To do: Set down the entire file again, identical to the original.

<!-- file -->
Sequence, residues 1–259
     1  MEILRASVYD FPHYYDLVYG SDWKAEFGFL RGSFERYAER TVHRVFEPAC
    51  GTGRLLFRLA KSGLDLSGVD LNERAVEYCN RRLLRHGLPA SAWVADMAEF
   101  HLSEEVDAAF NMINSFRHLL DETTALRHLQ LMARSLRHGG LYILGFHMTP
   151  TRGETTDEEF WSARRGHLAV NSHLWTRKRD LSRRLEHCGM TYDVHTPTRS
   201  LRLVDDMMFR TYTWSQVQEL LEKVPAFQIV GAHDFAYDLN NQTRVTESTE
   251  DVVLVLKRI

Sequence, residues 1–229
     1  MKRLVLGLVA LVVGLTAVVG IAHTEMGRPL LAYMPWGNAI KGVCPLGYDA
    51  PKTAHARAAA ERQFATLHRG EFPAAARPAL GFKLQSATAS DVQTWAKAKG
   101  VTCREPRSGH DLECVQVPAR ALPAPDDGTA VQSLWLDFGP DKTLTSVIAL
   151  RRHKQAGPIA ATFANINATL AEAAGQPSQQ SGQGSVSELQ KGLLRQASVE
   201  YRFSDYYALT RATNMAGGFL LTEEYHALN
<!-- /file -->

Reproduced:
Sequence, residues 1–259
     1  MEILRASVYD FPHYYDLVYG SDWKAEFGFL RGSFERYAER TVHRVFEPAC
    51  GTGRLLFRLA KSGLDLSGVD LNERAVEYCN RRLLRHGLPA SAWVADMAEF
   101  HLSEEVDAAF NMINSFRHLL DETTALRHLQ LMARSLRHGG LYILGFHMTP
   151  TRGETTDEEF WSARRGHLAV NSHLWTRKRD LSRRLEHCGM TYDVHTPTRS
   201  LRLVDDMMFR TYTWSQVQEL LEKVPAFQIV GAHDFAYDLN NQTRVTESTE
   251  DVVLVLKRI

Sequence, residues 1–229
     1  MKRLVLGLVA LVVGLTAVVG IAHTEMGRPL LAYMPWGNAI KGVCPLGYDA
    51  PKTAHARAAA ERQFATLHRG EFPAAARPAL GFKLQSATAS DVQTWAKAKG
   101  VTCREPRSGH DLECVQVPAR ALPAPDDGTA VQSLWLDFGP DKTLTSVIAL
   151  RRHKQAGPIA ATFANINATL AEAAGQPSQQ SGQGSVSELQ KGLLRQASVE
   201  YRFSDYYALT RATNMAGGFL LTEEYHALN